Researchers at George Washington University have developed an all-optical analog accelerator to solve partial differential equations.
Power-intensive computational tasks are highly complex and therefore require a significant amount of energy. This is due to the digital computing architectures realized today. These implementations do not scale well with the problem complexity. Therefore, analog accelerators can be used to take the load off from traditional computers by solving specific complex processes.
Researchers from George Washington University suggest that analog photonic solutions offer unique opportunities to address complex computational tasks with unprecedented performance in terms of energy dissipation and speeds, overcoming current limitations of modern computing architectures based on electron flows and digital approaches. However, the one thing that has throttled back the development of an all-optical analog computing platform is the lack of modularization and lumped element reconfigurability in photonics.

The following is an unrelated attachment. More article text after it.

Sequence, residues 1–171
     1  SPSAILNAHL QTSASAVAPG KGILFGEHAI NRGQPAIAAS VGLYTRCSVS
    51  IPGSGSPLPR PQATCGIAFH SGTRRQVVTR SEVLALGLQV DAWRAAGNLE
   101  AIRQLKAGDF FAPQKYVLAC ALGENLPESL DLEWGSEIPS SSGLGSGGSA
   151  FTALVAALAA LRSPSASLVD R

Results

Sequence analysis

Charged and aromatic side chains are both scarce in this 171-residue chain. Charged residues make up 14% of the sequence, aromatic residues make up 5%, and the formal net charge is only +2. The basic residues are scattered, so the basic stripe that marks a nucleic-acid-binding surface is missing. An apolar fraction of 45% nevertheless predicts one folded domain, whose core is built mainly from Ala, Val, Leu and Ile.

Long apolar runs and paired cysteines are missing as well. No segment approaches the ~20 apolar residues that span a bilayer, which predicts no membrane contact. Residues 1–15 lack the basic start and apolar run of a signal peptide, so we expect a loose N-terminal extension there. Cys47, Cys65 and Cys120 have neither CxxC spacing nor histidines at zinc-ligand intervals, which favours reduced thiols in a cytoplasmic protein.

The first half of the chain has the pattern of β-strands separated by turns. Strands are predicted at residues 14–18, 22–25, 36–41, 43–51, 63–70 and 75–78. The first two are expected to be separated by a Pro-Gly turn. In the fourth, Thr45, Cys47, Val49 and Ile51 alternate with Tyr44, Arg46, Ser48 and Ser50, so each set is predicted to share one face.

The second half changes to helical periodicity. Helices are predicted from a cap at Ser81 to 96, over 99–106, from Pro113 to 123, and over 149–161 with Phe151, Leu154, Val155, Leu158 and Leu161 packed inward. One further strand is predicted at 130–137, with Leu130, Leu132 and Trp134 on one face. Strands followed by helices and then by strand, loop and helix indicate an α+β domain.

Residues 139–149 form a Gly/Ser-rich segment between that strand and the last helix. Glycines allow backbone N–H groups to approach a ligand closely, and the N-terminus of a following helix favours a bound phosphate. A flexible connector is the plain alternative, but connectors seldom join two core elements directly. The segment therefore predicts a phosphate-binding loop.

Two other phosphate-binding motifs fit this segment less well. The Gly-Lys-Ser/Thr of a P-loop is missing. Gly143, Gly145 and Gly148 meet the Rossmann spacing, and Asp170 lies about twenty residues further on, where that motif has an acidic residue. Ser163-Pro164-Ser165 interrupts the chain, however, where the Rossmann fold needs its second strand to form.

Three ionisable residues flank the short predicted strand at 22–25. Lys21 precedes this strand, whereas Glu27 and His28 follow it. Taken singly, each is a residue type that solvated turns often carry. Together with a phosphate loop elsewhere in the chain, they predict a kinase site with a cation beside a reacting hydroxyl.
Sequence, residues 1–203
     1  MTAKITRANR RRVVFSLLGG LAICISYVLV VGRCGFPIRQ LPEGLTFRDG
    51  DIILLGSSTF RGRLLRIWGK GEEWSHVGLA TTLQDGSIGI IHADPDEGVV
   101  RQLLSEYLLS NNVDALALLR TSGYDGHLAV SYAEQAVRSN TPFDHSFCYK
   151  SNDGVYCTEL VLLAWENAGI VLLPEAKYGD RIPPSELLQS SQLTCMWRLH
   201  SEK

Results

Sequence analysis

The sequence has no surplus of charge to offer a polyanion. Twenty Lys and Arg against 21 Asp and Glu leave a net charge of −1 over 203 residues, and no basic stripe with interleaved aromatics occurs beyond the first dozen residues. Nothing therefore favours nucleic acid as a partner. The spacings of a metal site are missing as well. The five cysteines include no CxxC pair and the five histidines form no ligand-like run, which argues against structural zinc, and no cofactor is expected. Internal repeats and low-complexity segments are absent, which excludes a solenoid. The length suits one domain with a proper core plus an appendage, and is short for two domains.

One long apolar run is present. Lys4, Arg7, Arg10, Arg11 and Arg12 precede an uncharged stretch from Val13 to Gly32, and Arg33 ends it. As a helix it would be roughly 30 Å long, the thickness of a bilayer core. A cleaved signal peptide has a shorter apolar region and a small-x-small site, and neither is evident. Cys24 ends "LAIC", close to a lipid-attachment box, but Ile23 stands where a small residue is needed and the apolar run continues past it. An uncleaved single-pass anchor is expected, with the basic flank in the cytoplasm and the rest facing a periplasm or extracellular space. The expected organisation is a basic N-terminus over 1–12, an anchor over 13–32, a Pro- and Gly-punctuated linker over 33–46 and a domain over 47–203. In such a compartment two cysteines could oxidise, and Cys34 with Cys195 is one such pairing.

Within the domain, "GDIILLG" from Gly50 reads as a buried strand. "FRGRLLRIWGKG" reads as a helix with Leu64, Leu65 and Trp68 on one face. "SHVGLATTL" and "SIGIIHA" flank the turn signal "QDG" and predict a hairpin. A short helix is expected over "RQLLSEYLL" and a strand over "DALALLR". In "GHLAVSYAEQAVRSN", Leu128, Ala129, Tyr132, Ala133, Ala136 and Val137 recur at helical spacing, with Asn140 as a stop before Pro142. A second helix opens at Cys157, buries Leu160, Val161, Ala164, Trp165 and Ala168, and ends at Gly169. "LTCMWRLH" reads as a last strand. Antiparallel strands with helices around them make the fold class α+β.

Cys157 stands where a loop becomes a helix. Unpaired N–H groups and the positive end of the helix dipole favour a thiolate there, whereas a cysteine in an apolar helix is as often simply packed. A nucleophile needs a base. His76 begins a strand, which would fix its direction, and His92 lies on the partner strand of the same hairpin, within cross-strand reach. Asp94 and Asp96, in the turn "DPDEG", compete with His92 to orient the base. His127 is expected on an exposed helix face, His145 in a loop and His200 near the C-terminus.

In the research published in Communications Physics, researchers explore, using numerical simulation, a nanophotonic platform based on epsilon-near-zero materials capable of solving in the analog domain partial differential equations.
The nano-optical analog processor developed by the researchers can be integrated at chip-scale, processing arbitrary inputs at the speed of light.